For tokens rendered via self issued cards, the loss of confidentiality is real. We make that very clear in the UI, so that the user is in control of the modes in which the information will be shared. If you think about it, that’s actually much better user control than what happens when you click any page element that elicits a HTTP postback: here we make a fuss about the absence of encryption, so that you can take an informed decision about sending or not sending, there the browser just does its postback without warning.
Now that we solved the confidentiality part (we make clear whne the connection is in the clear, so that the suer can decide not to share sensitive information) Now comes the beautiful part. What about authentication strenght? What do we lose if we don’t use encryption? The answer is almost nothing. If you read the post about UniqueID, you know why: however let me reiterate the concept here. As Ruchi mentions, the self issued token is still signed! Ultimately What the RP verifies is the capability of the subject of signing the token with a certain key. As long as there’s a signature on the token this check can still be performed, HTTPS or not. Picture follows.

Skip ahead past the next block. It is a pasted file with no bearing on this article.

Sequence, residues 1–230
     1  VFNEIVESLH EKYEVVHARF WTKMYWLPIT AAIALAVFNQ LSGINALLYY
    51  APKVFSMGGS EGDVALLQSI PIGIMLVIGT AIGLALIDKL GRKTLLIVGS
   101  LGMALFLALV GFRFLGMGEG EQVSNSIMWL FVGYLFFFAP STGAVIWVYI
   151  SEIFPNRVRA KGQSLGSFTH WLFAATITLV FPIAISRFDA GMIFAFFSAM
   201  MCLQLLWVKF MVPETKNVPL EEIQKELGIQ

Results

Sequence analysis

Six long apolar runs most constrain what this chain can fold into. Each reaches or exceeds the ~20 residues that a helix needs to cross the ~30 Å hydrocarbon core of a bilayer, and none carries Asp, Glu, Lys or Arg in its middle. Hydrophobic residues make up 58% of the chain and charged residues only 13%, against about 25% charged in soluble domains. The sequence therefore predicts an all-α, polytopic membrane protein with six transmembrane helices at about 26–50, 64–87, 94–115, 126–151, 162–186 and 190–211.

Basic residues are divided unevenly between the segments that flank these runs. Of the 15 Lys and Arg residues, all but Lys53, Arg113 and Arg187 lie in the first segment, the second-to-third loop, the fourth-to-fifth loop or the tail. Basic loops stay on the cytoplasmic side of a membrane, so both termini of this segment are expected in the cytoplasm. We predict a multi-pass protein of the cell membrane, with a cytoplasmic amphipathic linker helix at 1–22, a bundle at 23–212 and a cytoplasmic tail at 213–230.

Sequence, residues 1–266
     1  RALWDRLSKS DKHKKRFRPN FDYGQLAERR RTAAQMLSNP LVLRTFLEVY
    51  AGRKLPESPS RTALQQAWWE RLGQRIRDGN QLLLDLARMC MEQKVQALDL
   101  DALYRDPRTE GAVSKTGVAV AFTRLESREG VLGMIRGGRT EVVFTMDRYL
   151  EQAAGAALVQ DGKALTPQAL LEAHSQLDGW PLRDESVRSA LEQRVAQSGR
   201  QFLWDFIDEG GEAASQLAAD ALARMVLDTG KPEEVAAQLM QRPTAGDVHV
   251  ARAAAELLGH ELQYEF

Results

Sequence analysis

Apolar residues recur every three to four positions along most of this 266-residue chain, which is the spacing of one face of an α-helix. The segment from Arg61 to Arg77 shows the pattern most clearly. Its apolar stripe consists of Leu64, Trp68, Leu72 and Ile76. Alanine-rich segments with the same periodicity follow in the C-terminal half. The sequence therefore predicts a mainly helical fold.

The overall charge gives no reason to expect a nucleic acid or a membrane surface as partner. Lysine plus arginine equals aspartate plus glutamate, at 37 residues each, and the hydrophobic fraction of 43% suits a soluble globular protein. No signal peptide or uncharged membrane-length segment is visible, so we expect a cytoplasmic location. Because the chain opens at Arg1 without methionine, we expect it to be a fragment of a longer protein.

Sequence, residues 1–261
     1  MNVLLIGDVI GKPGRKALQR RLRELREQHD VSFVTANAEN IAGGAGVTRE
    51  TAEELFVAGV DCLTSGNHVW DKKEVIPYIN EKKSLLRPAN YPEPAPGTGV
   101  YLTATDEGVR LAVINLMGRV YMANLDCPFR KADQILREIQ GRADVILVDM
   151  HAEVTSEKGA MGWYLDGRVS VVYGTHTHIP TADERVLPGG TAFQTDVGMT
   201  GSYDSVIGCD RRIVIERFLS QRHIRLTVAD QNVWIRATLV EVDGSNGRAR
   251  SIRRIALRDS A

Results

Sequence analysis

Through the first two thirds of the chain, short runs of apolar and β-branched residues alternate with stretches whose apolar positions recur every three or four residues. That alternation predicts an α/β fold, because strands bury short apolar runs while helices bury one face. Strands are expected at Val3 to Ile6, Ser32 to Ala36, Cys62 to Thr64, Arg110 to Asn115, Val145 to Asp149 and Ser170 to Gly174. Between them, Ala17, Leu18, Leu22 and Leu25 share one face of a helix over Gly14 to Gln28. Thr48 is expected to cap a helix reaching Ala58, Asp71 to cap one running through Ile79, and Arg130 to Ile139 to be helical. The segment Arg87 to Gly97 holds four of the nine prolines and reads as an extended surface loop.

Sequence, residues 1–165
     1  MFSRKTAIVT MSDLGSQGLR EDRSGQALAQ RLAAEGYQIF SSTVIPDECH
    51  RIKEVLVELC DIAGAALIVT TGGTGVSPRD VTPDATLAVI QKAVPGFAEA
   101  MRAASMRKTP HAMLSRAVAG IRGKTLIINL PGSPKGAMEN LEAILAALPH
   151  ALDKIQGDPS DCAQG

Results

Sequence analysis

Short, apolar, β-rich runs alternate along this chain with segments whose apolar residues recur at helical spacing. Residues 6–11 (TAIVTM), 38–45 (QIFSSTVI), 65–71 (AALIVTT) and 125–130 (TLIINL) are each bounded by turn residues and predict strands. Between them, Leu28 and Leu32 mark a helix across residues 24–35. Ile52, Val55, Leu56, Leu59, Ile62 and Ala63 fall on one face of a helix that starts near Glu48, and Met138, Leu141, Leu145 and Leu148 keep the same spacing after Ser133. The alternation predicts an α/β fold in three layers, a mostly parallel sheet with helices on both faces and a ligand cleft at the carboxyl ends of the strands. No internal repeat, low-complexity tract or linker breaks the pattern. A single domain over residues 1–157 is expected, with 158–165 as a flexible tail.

The card has the usual keys (public black, private red. hmmm…). The website stores in the membership DB the usual derivative of the public key (UniqueID). The token travels in the clear (glass pipe). Once the token is received, the website checks that the signature was performed with the right key. That’s it.